This Tuesday, Wisconsin will select our next Supreme Court Justice for a ten-year term. As you compare the candidates' backgrounds and qualifications, consider who offers the principles and values you envision for the Supreme Court.
I come from modest beginnings. My father was a factory worker and my mother, who dropped out of school at the age of 16 to help support her nine siblings, was a homemaker. My parents couldn't have provided better lessons – the value of hard work, the importance of integrity, and the need for fairness. These are the values I will bring to the Supreme Court.
I also will bring 32 years of quality experience and leadership in the law. I have served as an Assistant Attorney General and as a lawyer in private practice for more than three decades, representing the State of Wisconsin, municipalities, individuals and businesses in a variety of practice areas before state courts and agencies. I understand the job of Supreme Court justice because I've handled more than 30 appellate cases. I'm the only candidate who has argued before the Supreme Court.
My work as a lawyer has earned awards and recognition such as “Leader in the Law,” “Wisconsin SuperLawyer,” and “Best Lawyers in America.”
My candidacy has earned the endorsement of some of the most independent-minded leaders in the state: Democratic Senator Russ Feingold, former Republican Governor Lee Sherman Dreyfus and independent Ed Thompson.
I believe that the cornerstone of our justice system is public confidence in the integrity of the lawyers and judges who serve it. That's why for nine years I served the Supreme Court by investigating grievances against attorneys and recommending discipline for ethical violations.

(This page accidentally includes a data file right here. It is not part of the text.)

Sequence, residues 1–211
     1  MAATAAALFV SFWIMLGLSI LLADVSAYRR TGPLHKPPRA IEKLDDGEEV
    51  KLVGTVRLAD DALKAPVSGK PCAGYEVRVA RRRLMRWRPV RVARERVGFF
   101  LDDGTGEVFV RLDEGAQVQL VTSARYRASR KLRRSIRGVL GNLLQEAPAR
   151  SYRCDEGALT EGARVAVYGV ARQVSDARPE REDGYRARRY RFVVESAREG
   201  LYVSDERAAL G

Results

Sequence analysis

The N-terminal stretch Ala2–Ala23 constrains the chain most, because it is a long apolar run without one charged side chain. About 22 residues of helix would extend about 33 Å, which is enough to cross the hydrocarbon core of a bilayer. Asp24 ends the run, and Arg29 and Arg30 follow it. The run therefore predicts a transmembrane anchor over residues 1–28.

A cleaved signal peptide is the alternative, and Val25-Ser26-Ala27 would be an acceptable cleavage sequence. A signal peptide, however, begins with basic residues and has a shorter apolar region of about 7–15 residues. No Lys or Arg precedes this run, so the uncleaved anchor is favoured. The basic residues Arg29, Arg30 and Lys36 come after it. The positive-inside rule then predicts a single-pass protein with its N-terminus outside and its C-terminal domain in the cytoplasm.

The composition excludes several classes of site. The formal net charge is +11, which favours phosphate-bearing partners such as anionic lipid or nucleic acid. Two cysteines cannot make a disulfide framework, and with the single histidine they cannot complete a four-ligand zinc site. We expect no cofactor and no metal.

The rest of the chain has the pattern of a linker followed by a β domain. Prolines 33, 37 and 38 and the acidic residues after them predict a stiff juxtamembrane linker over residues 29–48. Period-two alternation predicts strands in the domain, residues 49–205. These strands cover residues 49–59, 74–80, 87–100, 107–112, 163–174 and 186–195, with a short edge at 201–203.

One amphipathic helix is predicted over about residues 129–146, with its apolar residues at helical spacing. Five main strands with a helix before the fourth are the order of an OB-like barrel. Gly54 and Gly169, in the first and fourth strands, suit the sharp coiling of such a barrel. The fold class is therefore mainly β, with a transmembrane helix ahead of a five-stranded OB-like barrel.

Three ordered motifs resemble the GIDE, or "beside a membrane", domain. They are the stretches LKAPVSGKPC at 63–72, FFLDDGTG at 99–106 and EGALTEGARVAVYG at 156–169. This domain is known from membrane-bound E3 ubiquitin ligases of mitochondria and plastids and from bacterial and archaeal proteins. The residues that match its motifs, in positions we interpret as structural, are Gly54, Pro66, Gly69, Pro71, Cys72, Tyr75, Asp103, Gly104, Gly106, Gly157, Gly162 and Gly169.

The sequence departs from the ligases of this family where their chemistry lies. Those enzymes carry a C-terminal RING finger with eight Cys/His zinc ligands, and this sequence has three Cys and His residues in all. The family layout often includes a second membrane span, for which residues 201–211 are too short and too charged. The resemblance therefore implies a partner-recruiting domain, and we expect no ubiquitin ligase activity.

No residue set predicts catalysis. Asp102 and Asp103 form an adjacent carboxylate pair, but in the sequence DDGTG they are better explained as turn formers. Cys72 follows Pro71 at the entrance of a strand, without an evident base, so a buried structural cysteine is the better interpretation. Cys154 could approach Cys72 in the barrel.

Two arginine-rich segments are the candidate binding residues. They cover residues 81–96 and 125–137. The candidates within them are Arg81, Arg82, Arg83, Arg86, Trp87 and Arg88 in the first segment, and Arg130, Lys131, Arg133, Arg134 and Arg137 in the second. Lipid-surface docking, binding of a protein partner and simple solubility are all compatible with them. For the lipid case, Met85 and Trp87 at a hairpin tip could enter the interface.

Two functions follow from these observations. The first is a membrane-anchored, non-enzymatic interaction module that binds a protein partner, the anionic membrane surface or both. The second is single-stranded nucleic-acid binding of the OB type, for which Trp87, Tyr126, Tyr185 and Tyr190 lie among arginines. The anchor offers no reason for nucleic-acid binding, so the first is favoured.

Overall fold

And that's why I'm so troubled by the disturbing facts disclosed about my opponent’s performance as a judge. Court records in 46 cases reveal her conflict of interest involving a bank that loaned her over $3 million, that rents space from her family, and where her husband serves as a paid director. In each case, she failed to recuse herself or disclose her conflict of interest to the parties as required by the Code of Judicial Conduct.
Judge Ziegler has yet to take responsibility or explain whether she just didn't know about the rule -- or knew about it but decided not to follow it. Instead, she claims that discussing this serious issue with Wisconsin voters is “mudslinging.” I think Wisconsin voters are smart enough to see past Judge Ziegler’s rhetoric and understand the seriousness of her conduct.
People who come to our judicial system to resolve disputes deserve a level playing field free of favoritism – free even of the appearance of favoritism. That fundamental principle will drive my service as a Supreme Court Justice, as it has my legal career.
Judge Ziegler and big-business special interests have spent an unprecedented $2 million trying to mislead voters about her record on the bench, including a claim that she's “tough” on sex offenders. Putting aside the reality that Supreme Court justices don't sentence criminals, the public record shows that Ziegler actually has a record of leniency on sexual predators. In more than half of her cases, she let off child sex predators with a year or less in jail.
Wisconsin voters deserve to know the truth.
On Tuesday, the choice will be clear. I will bring the high ethical standards, integrity, quality experience, legal scholarship, independence, and commitment to justice you deserve on Wisconsin's highest court. I would be honored to have your vote.
Monday, April 02, 2007
The folkbum endorsement: Linda Clifford for Supreme Court Justice
I have done something unholy, it seems, and angered the gods of good G-I health. So I'll be brief, and let Linda Clifford speak for herself.